After a long winter the sun is finally shining, the birds are chirping and the grass is growing fast. Just like you’re itching to get outside to prepare your garden or mulch your flower beds, dairy farmers are anxiously waiting for the time to be right to get their fields and farms ready for the coming growing season.
What is on a dairy farmer’s spring checklist? Cleaning out the barn, fertilizing fields, planting crops and milking the cows, of course!
Cleaning out the barn
A dairy cow produces about 17 gallons of manure a day, so a daily chore for dairy farmers is to keep the barn clean for their cows. Farmers remove manure from their barns and place it in temporary storage, which can include a pit, tank or holding pond. These secure on-farm facilities help reduce odor and hasten decomposition until the manure can be applied to fields as fertilizer.
Many dairy farmers apply manure to their fields as a local, natural fertilizer and are committed to following the 4R principles. They make sure to apply fertilizer from the right source, at the right rate, during the right time and to the right place. Cow manure’s unique composition helps restore nutrients in the soil which helps it be healthier and reduces the need for synthetic chemical fertilizers. Applying manure to fields also helps increase the water-holding capacity of soil by up to 20%, resulting in reduced groundwater needed to grow crops.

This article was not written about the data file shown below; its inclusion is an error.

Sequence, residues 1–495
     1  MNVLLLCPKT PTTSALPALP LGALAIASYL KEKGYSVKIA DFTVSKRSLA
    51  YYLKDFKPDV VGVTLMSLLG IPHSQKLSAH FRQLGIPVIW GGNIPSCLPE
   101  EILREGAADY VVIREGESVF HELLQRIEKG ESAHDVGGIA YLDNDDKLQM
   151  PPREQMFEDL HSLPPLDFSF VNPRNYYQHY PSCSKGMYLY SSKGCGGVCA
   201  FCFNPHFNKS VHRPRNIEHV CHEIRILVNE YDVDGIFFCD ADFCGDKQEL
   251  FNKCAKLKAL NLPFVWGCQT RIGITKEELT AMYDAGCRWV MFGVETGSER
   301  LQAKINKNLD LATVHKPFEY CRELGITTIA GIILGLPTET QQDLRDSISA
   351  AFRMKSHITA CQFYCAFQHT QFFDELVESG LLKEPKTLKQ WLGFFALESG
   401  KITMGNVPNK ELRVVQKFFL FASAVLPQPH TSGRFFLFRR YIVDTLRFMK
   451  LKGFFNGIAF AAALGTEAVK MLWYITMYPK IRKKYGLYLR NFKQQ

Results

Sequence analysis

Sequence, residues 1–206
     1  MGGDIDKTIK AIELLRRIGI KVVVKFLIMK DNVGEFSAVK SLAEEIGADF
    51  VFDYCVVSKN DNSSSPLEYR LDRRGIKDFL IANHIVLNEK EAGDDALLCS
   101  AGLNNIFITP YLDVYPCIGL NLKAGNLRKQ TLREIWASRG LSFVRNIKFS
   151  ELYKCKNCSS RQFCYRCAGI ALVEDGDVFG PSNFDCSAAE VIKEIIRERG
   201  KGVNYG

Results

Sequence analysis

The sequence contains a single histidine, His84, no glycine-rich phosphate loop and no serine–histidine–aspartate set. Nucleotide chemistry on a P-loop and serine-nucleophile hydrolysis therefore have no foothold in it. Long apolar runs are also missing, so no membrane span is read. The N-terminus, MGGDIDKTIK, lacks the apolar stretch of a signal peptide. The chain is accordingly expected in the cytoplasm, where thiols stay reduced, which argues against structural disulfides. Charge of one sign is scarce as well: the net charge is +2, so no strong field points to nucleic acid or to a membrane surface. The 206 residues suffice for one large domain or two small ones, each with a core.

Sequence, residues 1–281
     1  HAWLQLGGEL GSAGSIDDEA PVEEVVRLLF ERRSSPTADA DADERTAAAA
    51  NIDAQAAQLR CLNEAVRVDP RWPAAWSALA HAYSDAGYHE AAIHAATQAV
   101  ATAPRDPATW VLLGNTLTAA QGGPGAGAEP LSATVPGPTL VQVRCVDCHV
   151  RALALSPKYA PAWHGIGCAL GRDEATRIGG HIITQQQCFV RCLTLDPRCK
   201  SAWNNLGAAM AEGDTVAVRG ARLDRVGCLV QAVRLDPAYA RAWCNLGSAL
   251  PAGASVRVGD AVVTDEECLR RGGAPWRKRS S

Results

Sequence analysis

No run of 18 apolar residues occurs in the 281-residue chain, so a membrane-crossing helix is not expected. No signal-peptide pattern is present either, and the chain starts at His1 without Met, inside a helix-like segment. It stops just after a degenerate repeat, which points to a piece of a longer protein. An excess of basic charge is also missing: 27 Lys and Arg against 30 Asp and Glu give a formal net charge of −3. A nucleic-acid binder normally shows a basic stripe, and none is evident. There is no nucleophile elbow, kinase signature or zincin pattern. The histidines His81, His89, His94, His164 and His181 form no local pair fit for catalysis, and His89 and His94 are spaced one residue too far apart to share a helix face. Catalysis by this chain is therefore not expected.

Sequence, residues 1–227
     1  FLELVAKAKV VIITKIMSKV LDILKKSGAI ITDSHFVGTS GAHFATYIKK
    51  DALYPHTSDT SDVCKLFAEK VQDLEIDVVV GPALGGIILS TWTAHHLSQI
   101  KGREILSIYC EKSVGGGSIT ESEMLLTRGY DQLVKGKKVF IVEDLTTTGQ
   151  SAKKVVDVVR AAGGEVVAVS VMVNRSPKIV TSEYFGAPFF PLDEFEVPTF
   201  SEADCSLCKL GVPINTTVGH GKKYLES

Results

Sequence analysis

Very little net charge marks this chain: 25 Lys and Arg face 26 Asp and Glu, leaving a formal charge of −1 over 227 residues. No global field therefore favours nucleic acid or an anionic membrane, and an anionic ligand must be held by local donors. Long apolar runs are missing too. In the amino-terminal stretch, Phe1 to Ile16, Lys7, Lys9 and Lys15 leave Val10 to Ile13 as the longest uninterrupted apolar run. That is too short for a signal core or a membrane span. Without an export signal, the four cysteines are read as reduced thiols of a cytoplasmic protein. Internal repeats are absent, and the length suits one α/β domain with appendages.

When the weather and ground conditions are right, manure can be removed from the temporary holding tanks and spread onto crop fields as a natural fertilizer, according to detailed nutrient management plans. These plans take into account the types of soil on the farm, the terrain of the fields, soil moisture levels, and the amount of nutrients the next crop on that field will need. Federal, state and local clean water laws regulate how manure is applied on cropland, so nutrients are absorbed by crops, not groundwater.
Over 1/3 of a dairy cow’s feed is grown right on the farm – the rest is typically grown by nearby crop farmers. This means that dairy farmers are especially busy during planting and harvesting time. Some common crops planted in Ohio and West Virginia are corn, soybeans, alfalfa, wheat, oats, rye grass and more.
Because farmers often live on the land they farm, they make extra efforts to implement regenerative farming practices to ensure our resources are well-preserved for generations to come. Some of these practices include no-till farming, planting cover crops, utilizing buffer strips and taking soil samples to prevent erosion, manure and water runoff, and maintain soil health.